High-strength glue products were approved for topical closure applications in the United States in the late 1990s, but have been used considerably more outside the USA. In other countries, such as the major markets of the EU, high-strength glues and adhesives were approved several years ago and have built up a track record of use in internal surgery. Today, high-strength glues are being used in a wider range of procedures both in the US and outside the US. Physicians and researchers are exploring how these glues may be utilized in current or new procedures to produce more cost-effective, better outcomes with reduced morbidity and mortality.
The unmet need for non-toxic, high-strength, resorbable glues is clearly demonstrated by adoption of existing glue products outside of the United States. The table below displays selected applications (see report #S190 for the comprehensive list) for commercially approved products and illustrates the growing potential for these high-strength glues once they gain universal approval and adoption within the surgical community worldwide. These products have high-strength sealant and adhesive properties is leading to their increasing adoption by clinical practitioners, starting with surgical closure and specific internal procedures for which there is no good alternative. Recent data shows increasing usage for tissue adhesives in vascular, neurological, spinal, orthopedic, and other procedures.
Selected* Surgical Indications for High-Strength Glues
Surgical Field Applications CNS surgery: Adhesive agent in CNS tissue surgery. CNS tissue cannot be sutured. Fibrin glue is almost equivalent to microsurgical suture. Fibrin glue works as a sealant but not a nerve barrier. Repair of dural defects. (Others) Eye surgery: Conjunctival closure in strabismus. Wound closure in glaucoma. Lower blepharoplasties (for lower eyelids). (Others) ENT surgery: Myringoplasty in large persistent tympanic membrane perforation. Repair of laryngotracheal separation with cricoidectomy. Narrowing of nasal fossa in atrophic rhinitis. (Others) Oral and dental surgery: Local hemostatic measures in patients with bleeding disorders and patients on anticoagulants. Sealing of oro-antral fistula. (Others) Head and neck: Parotidectomy closure. Axillary dissection in carcinoma of the breast. Reduces adhesion, bleeding and serous drainage with earlier drain. (Others) Cardiovascular thoracic surgery: Reduced postoperative bleeding and intrapericardial adhesion. In cardiothoracic surgery using fibrin glue significantly reduced postoperative bleeding. (Others) Chest surgery: Sealing of prolonged air leak after thoracotomy in lung cancer. Bronchopleural fistula. Percutaneous lung biopsy. (Others) Vascular surgery: Microvascular anastomosis: Suture may induce vascular narrowing, foreign body reaction, intravascular thrombosis but are less common in those with fibrin glue application. Arterial bypass surgery. (Others) Gastrointestinal surgery: Gastrointestinal sutureless anastomosis-stent. Esophagus perforation. Esophago-jejunal anastomosis. Recurrent tracheo-esophageal fistula. Upper gastrointestinal tract fistula: Endoscopic obliteration. (Others) Liver surgery: Liver resection in benign and malignant diseases. Liver transplantation. (Others) Uro/Gynecological system: Colpofixation in stress urinary incontinent. Intractable transplant-ureteral fistula. Transvaginal colpo-urethropexy. (Others) Gynecological surgery: Recto-vaginal and ano-rectal fistula. Anastomosis of the fallopian tube in animals. (Others) Bone & orthopedic surgery: Joint replacement. Brachial plexus injury repair. (Others) Plastic surgery: Face lift procedure. Fibrin glue reduces major hematomas and ecchymoses. Musculo facial plastic surgery, dorsal hand burns, infected skin graft. (Others)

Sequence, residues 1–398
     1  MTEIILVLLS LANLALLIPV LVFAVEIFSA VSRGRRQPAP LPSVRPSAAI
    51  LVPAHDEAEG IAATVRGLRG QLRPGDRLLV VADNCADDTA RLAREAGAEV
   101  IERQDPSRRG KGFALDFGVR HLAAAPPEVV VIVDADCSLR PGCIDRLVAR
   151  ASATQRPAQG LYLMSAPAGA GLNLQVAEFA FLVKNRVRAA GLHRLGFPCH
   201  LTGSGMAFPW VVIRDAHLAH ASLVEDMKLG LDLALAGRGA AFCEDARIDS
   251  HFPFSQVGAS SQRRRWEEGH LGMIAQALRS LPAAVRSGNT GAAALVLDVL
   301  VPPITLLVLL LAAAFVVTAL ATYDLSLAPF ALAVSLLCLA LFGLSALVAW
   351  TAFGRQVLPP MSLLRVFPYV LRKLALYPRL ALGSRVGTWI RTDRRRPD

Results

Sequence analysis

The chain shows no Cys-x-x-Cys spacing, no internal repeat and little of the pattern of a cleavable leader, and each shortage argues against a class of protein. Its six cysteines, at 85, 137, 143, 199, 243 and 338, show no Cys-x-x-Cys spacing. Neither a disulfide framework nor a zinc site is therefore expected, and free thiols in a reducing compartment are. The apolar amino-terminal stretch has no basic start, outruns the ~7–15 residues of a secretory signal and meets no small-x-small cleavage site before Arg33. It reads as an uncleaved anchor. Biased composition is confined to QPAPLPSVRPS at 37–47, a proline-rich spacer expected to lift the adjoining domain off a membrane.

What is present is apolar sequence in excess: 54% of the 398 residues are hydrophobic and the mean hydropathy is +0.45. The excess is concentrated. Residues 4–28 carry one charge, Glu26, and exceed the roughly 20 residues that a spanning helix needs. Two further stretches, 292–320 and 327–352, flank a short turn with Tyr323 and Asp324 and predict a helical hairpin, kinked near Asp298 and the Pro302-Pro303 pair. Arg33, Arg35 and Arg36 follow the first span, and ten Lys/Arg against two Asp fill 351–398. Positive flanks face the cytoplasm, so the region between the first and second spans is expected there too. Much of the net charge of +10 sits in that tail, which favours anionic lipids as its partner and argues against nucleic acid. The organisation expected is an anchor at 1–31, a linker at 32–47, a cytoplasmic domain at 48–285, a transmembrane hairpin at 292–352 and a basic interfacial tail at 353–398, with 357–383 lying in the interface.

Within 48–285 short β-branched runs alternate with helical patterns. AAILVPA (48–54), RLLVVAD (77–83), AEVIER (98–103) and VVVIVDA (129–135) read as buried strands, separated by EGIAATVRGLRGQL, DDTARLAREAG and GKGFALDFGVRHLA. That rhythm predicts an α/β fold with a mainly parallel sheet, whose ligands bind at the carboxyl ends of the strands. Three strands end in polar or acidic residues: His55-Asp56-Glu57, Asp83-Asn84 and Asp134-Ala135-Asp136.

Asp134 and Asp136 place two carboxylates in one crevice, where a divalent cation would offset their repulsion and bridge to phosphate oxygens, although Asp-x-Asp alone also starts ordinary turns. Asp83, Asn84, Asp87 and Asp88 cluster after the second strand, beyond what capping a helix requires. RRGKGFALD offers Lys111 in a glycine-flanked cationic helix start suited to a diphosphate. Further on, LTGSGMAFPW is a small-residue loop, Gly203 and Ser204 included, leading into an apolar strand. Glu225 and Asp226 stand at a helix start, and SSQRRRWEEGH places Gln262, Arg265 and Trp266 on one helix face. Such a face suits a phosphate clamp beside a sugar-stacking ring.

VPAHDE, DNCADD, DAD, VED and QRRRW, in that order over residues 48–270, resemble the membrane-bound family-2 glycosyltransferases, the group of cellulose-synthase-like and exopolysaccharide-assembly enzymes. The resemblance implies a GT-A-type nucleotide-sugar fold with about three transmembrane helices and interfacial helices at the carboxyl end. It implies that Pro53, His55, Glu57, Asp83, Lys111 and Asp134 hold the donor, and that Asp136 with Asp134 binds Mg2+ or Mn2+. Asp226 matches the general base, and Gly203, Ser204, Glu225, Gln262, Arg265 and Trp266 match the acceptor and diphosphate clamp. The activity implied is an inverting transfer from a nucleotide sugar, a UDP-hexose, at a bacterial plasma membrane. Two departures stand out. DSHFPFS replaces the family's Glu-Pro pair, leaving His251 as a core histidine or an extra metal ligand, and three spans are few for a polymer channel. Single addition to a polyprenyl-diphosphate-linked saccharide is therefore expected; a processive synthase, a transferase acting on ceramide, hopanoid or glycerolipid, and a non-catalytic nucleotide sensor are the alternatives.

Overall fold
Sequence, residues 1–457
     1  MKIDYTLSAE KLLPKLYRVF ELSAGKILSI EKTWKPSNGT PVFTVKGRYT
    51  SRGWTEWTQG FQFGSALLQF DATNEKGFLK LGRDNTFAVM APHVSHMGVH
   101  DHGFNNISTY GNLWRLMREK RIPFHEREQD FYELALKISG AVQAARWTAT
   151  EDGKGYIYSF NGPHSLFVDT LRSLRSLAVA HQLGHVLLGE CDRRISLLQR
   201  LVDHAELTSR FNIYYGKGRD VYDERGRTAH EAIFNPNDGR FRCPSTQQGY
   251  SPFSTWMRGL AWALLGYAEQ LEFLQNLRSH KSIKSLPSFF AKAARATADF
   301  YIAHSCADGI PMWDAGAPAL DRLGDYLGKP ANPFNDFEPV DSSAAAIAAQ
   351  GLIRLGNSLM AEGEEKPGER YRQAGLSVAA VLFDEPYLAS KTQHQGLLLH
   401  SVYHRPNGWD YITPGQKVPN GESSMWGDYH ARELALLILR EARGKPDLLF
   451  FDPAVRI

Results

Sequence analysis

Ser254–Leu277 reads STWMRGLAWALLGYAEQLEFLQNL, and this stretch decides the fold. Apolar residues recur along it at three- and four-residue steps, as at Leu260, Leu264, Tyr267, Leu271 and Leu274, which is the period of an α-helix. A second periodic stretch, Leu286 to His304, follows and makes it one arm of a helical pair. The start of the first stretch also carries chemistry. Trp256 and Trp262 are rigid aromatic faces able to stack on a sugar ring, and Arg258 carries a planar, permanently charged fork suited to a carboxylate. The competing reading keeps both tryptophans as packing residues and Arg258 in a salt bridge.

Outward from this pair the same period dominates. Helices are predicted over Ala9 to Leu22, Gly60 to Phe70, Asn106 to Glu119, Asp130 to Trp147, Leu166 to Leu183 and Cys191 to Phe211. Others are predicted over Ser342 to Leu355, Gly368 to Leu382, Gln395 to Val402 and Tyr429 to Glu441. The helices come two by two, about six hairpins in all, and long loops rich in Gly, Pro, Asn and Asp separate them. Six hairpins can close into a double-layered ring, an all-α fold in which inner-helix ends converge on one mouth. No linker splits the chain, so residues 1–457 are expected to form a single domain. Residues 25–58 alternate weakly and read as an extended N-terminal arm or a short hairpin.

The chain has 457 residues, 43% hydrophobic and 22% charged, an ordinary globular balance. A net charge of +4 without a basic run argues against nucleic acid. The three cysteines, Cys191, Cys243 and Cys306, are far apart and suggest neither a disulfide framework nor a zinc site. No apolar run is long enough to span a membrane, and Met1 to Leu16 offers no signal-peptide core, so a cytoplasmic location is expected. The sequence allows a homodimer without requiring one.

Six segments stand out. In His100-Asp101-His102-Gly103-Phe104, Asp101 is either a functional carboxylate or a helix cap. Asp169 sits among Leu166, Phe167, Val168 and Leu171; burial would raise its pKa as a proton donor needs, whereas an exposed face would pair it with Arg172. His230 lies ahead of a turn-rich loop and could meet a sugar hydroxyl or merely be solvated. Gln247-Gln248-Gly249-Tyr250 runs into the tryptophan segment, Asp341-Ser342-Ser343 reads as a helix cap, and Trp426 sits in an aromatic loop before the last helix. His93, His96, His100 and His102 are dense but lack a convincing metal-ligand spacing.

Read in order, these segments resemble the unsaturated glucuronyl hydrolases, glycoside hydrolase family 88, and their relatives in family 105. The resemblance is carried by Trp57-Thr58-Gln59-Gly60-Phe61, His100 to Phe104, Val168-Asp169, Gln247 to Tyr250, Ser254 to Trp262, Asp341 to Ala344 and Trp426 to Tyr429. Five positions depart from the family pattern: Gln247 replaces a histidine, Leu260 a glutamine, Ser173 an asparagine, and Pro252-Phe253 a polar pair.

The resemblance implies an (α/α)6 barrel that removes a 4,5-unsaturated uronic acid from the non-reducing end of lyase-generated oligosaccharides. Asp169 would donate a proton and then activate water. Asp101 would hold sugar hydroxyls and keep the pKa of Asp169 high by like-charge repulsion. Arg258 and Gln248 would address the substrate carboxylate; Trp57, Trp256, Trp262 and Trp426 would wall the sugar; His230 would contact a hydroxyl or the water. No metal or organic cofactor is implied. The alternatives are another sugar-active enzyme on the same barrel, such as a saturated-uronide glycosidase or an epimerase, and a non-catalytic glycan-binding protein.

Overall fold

*See Report #S190 for the comprehensive list.
Source: MedMarket Diligence, LLC, Report #S190, “Worldwide Surgical Sealants, Glues, Wound Closure and Anti-Adhesion Markets, 2010-2017.”